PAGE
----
How to put an image inside a shape in photoshop

how to put an image inside a shape in photoshop

How To Fill A Shape With A Photo In Photoshop

To convert the path into a vector mask, go up to the Layer menu in the Menu Bar, choose Vector Mask, and then choose Current Path: Going to Layer > Vector Mask > Current Path. And just like that, the image appears inside the shape. The checkerboard pattern surrounding the shape is how Photoshop represents transparency. Feb 21,  · In this article I will explain how to insert an image within shapes using Photoshop. Step 1 Open Adobe Photoshop CS Step 2 Open an image using "Ctrl+o" to be placed inside shapes. Step 3 Select this image layer in the layer palette. Then right-click on it and select "Duplicate Layer" from the context menu. Duplicate layer in layer palette Step 4.

In this article I will explain how to insert an image within shapes using Photoshop. Introduction In this article I will explain how to insert an image within shapes using Photoshop. Step 3 Select this image layer in the layer palette. Then right-click on it and select "Duplicate Layer" from the context menu. Duplicate layer in layer palette Step 4 Take a new blank layer between those image layers and fill it with the what is a clipboard on iphone color.

Step 5 Select the first image layer in the layer palette. Step 6 Select white as your foreground color, then right-click on the shape tool and select the custom shape tool. Step 7 Select your custom shape from the custom shape pop-up window. Step 8 Draw your shape according to your requirements. Step 10 Drag the shape layer to below the first image layer in the palette.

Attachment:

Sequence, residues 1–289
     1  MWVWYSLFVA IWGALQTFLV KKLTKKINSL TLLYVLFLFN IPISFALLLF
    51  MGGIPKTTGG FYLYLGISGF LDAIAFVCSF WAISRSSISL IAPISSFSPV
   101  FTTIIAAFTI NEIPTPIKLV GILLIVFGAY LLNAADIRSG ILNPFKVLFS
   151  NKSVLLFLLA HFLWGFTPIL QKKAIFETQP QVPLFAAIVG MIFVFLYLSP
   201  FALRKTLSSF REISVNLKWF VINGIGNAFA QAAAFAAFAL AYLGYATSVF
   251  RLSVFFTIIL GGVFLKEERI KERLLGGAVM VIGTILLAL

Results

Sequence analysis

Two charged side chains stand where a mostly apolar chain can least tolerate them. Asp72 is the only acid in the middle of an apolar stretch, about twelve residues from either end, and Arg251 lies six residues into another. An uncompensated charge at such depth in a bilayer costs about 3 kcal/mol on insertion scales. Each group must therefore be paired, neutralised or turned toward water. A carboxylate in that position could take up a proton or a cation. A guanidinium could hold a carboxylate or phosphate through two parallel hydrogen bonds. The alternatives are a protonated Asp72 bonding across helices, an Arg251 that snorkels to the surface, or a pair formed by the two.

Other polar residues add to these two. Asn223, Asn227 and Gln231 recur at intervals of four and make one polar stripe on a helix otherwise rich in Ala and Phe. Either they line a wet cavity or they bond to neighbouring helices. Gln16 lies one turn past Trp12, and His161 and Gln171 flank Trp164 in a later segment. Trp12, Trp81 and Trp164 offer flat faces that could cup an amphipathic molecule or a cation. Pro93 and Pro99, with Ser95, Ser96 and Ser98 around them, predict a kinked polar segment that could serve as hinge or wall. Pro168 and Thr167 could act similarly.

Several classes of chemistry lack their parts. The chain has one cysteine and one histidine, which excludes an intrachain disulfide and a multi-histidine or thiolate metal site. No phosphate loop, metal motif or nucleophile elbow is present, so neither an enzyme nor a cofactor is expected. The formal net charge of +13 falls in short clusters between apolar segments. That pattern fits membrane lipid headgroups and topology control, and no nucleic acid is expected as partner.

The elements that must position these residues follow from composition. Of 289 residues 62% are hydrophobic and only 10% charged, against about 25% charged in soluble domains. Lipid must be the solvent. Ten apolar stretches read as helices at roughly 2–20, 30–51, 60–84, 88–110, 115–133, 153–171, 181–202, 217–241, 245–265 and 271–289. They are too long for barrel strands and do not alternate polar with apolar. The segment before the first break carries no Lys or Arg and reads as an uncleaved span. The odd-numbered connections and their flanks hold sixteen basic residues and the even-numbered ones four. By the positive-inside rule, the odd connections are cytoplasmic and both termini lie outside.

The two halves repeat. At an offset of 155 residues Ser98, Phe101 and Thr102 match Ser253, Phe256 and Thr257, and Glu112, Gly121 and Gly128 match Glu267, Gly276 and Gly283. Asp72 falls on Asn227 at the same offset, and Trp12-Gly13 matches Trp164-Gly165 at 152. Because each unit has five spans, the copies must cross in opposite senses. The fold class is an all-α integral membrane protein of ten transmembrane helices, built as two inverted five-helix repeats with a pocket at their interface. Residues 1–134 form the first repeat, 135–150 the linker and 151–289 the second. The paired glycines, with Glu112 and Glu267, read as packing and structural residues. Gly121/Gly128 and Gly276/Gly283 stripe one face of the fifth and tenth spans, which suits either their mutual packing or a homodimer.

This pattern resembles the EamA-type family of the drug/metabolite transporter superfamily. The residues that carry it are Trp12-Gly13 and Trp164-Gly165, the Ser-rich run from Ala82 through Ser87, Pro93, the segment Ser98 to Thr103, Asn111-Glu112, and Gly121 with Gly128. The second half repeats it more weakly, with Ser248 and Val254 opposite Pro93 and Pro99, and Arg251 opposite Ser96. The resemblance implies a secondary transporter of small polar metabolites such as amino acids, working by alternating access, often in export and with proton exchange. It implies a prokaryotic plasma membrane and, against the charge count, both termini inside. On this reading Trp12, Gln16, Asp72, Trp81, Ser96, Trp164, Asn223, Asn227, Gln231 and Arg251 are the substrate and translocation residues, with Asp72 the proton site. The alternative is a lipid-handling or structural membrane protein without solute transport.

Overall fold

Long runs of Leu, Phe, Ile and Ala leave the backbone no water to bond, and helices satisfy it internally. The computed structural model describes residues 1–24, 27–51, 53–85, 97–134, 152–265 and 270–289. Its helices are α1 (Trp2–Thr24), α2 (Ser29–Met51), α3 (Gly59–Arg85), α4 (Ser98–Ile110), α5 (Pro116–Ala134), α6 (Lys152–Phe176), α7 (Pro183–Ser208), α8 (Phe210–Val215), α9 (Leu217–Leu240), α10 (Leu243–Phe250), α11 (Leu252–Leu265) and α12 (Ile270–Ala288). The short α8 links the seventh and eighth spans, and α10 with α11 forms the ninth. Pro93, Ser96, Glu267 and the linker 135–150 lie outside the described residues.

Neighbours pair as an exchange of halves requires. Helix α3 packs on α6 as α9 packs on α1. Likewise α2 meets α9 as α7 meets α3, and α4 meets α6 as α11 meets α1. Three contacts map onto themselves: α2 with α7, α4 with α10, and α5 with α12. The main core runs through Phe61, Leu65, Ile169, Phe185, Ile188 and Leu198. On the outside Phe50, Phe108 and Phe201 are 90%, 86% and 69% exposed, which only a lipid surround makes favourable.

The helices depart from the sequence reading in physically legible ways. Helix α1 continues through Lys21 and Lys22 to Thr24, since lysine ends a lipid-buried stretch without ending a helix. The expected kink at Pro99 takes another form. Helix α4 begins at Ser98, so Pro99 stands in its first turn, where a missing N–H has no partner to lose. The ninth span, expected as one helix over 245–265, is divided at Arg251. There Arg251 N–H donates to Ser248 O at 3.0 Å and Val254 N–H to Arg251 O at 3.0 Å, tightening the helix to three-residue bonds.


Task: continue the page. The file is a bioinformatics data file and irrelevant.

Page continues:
Step 11 Right-click on the first image layer and select "Create Clipping Mask" from the context menu. Finale Output In the finale output you will see that your image will be visible only within the shape. View All. Preeti Zutshi Updated date Feb 21, Different shapes of image in photoshop Image with in shapes in Photoshop Photoshop shapes of image according to requirement in photoshop. Next Recommended Article. Classes And Objects. NET Core.

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Jan 13,  · In this adobe photoshop CC tutorial, I go over how to put in an image inside of a shape layerI. Nov 28,  · There are two easy ways to put any image inside of any shape in Photoshop. You can start creating the shape first. Use the Rectangle tool or keyboard shortcut U to access the shape tool. Select the shape you want to create and drag to create that shape. You can hold shift to create perfect circles or squares. Next, bring your image into the same Photoshop document. Place that . Jul 22,  · How to put an image inside of shape in PhotoshopDid you know you could place any image inside of any shape you create in photoshop with simply one click? Yo.

Learn how to place an image inside a shape, and how to move the shape and the image to a different background, in the latest version of Photoshop! A step-by-step tutorial. There are two main ways to fill a shape with an image in Photoshop. One is by using a clipping mask , and the other is with a vector mask. Both are easy to use, and both can produce the same results.

But if your goal is to move the shape and the image to a different background, then vector masks have the advantage. The reason is that a clipping mask always needs two separate layers.